Children Act 20 years on: The Lord Laming verdict

Lord Laming: Bad practice undermines aims of the Act

“By any standard the Children Act 1989 was a landmark piece of legislation. It continues to be a credit to the parliamentarians and officials who successfully negotiated it on to the statute book.

It was not an easy task. Fundamentally, the Act, which was not implemented until 1991, recognised that children and young people have a range of needs during their development. As the years go by they will have different needs and possibly changed circumstances.

The Act was framed so that statutory services and the courts could make arrangements to promote the well-being of every child. No matter if the child or young person lives in a family with poor parenting skills, with the breakdown of relationships, domestic violence or mental health problems, or has become a young carer – the law facilitates the most appropriate response.

Most parents, irrespective of their problems, want the best for their children. Often, parenting skills can be taught, families can be helped through periods of crisis and the destructive spiral into neglect can be reversed. Through early intervention, a rigorous assessment of needs and a focused action plan with robust timescales, it may well be possible to sustain and strengthen the family unit. But the focus must always be on the welfare of the child and when that is put at risk, speedy action must be taken. Alas, too often, the assessment of needs, and opportunities to take such early action, are flawed by the failure of key services to exchange important information.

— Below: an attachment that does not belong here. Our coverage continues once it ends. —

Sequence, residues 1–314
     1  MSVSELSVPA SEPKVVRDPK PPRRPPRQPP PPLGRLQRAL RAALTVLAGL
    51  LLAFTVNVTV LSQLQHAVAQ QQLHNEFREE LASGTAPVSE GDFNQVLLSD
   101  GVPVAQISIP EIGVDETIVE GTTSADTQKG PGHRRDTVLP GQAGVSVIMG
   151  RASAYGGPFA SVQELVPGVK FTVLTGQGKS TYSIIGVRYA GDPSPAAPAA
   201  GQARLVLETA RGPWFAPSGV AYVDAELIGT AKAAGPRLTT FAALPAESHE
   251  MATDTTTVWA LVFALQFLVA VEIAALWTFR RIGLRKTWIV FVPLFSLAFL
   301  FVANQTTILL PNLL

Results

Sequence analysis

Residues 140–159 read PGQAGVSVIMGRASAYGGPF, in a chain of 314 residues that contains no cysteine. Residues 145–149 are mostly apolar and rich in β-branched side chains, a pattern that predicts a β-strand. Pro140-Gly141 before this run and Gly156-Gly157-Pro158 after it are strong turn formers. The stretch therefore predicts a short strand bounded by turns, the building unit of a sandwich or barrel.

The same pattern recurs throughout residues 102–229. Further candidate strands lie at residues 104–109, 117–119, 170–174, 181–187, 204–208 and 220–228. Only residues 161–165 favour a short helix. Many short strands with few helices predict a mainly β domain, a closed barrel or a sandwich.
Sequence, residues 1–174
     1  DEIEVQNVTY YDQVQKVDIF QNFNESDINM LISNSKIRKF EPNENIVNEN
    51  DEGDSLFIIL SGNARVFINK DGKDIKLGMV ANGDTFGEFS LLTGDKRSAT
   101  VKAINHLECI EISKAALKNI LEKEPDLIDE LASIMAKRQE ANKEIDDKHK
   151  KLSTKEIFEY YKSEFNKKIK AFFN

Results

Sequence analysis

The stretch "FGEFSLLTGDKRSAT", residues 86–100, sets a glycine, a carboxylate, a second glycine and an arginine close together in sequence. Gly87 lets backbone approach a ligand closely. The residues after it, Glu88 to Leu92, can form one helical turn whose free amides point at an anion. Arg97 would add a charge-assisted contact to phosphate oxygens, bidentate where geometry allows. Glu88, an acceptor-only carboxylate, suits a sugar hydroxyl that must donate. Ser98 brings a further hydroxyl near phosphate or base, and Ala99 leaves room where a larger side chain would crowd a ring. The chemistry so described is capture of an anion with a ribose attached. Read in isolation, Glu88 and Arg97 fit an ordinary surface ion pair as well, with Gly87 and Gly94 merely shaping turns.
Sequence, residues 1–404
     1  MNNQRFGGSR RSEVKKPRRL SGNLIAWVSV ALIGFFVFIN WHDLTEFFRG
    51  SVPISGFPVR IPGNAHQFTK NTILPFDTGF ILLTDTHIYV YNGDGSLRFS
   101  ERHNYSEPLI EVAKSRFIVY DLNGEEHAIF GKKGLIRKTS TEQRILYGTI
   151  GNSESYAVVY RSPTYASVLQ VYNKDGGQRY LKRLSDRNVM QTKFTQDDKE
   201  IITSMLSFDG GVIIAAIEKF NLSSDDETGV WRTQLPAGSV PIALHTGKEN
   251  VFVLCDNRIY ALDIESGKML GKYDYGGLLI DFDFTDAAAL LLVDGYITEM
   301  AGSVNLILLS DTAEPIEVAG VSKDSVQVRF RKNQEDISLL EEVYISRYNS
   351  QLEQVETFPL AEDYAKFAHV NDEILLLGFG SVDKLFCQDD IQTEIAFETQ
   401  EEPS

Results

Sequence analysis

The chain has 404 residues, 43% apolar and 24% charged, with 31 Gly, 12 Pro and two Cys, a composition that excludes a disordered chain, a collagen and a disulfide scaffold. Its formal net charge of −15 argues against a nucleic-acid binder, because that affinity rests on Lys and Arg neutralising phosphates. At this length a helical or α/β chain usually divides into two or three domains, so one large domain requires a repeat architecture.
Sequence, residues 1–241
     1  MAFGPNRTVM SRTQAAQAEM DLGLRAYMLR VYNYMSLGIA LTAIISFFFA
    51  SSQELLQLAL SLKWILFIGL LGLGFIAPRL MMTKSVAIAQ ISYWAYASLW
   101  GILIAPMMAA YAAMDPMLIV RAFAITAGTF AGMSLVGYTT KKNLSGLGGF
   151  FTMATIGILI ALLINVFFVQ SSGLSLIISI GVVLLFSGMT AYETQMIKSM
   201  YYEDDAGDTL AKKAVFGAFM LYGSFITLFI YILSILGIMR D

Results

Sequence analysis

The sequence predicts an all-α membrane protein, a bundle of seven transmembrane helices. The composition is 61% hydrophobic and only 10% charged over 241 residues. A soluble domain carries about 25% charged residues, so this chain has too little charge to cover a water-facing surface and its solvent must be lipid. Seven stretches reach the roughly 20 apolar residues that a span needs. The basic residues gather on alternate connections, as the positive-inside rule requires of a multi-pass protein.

Even worse, sometimes intervention is delayed until there is clear evidence of harm or serious neglect. The Act sought to ensure that the protection of a child or young person is in the context of the promotion of well-being and proper development of all children. Sadly that has yet to be realised at the front door of every service.

Ignorance of the legislation can undermine good practice. The policy of “every child matters” captures the need for a comprehensive and creative response to securing better life opportunities for each child. Achieving this is a challenge for the training of staff and the management of key services. It can be done. We can be ­confident of this because there is some excellent work being done by some very dedicated and competent staff. The next step is to fully implement the vision set by the original 1989 Act by securing good practice everywhere.”

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